World of Warcraft: Mists of Pandaria continues an ongoing trend of falling scores at Metacritic.com. Guild Wars 2, however, is doing well. While there is no way to prove the notion, this may be due to WoW continued business model of a monthly subscription fee.
Editor's Note: While I understand that a game scoring low on Metacritic is not "hard news" per se, this piece is intended to wag a finger at games journalists who paid extra attention to Resident Evil 6's Metacritic score - a motion that I feel was brought on due to Capcom's bad press this year.
World of Warcraft: Mists of Pandaria currently has the lowest Metacritic score of any WoW expansion as it receives low scores by professional game critics and Metacritic users.
Mists of Pandaria, released on Sep. 25, 2012, is currently holding a Metacritic score that is significantly lower than the scores held by previous expansions Cataclysm, Wrath of the Lich King and The Burning Crusade. Mists currently holds a score of 83/100 from professional critics and 4.4/10 from fans. Both of these figures are a slip from Cataclysm's score of 90/100 from critics and 5.1/10 from fans.
Meanwhile, Guild Wars 2, the free-to-play title from NC Soft and considered by many to be WoW’s direct competition, enjoys a significantly higher Metacritic score of 91/100 from critics and 8.3/10 from fans. The successor to the first Guild Wars, Guild Wars 2 saw a rise in critic score, 89/100 for Guild Wars, and a small drop in fan score, 8.2/10.
One factor of disgruntled customers may come from its continuous business model of a monthly subscription fee. The MMORPG market, which stands for Massive Multiplayer Online Role Playing Game, has been adopting a free-to-play business model over the last few years. Not all MMORPG games have embraced this new model, but many of the well known and highly played games have. Despite this growing trend in the market, Blizzard shows no signs of transferring WoW to a free-to-play model.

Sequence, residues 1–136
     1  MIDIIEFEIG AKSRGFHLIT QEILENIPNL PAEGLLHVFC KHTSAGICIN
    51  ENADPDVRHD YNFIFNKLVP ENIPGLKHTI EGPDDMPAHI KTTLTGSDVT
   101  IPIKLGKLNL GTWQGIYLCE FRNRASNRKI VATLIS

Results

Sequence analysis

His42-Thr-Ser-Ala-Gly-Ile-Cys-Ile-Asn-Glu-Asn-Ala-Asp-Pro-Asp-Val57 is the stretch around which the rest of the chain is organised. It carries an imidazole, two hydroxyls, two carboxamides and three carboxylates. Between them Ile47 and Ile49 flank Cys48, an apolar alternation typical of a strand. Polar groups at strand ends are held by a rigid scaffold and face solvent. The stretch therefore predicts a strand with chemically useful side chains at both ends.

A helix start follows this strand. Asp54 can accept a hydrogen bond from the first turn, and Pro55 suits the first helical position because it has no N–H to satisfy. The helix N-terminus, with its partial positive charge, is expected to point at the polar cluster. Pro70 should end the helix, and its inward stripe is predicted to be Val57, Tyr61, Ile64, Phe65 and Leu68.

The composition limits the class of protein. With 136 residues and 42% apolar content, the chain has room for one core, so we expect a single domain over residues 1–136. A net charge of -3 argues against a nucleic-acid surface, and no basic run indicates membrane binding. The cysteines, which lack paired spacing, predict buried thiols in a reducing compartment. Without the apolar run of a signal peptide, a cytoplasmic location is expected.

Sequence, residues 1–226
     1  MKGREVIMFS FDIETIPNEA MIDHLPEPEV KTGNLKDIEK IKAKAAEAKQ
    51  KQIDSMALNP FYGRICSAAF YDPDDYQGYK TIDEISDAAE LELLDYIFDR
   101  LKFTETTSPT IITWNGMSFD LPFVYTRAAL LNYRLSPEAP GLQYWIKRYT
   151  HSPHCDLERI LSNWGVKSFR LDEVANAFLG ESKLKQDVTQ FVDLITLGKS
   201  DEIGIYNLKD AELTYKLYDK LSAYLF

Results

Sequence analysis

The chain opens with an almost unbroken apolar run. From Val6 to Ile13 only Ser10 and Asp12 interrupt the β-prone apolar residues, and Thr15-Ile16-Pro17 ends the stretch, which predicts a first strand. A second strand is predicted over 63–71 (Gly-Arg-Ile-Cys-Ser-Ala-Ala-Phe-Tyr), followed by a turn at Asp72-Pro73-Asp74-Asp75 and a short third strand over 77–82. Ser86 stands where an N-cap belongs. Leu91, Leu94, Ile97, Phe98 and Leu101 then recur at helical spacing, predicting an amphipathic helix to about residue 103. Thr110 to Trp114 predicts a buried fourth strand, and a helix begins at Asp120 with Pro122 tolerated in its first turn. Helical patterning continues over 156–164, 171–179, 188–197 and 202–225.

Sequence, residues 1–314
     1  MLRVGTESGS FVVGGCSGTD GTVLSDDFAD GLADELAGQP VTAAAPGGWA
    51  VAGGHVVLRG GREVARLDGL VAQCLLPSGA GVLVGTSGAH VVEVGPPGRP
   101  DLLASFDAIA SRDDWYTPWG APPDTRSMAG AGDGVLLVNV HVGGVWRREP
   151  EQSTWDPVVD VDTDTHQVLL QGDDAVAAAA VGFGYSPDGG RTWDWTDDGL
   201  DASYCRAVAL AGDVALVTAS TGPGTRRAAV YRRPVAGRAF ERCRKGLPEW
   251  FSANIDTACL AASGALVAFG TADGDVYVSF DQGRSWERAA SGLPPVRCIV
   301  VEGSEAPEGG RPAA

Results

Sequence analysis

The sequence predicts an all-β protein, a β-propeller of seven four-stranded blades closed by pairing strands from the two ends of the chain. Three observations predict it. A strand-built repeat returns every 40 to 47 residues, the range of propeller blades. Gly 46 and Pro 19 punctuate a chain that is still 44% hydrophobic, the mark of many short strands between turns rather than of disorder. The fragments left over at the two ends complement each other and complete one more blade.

Blizzard Entertainment has been struggling to keep subscribers since Sept. 2010. The company saw World of Warcraft's subscriber base hit an all-time low at the end of the second quarter 2012 when the number of subscribers fell below 10 million. Michael Morhaime, President of Blizzard Entertainment, said that the majority of this subscriber decline came from Eastern regions.
Earlier this year, Blizzard Entertainment offered fans a chance to receive a free copy of the then upcoming Diablo III PC game and a guaranteed spot in the Mists of Pandaria beta test in exchange for a 12-month subscription commitment. Accounts that were created on of before Oct. 18, 2011 were eligible to enroll.
World of Warcraft will be celebrating its eighth anniversary this November.
» Source: http://www.bbc.com/news/technology-19110144 | http://www.metacritic.com
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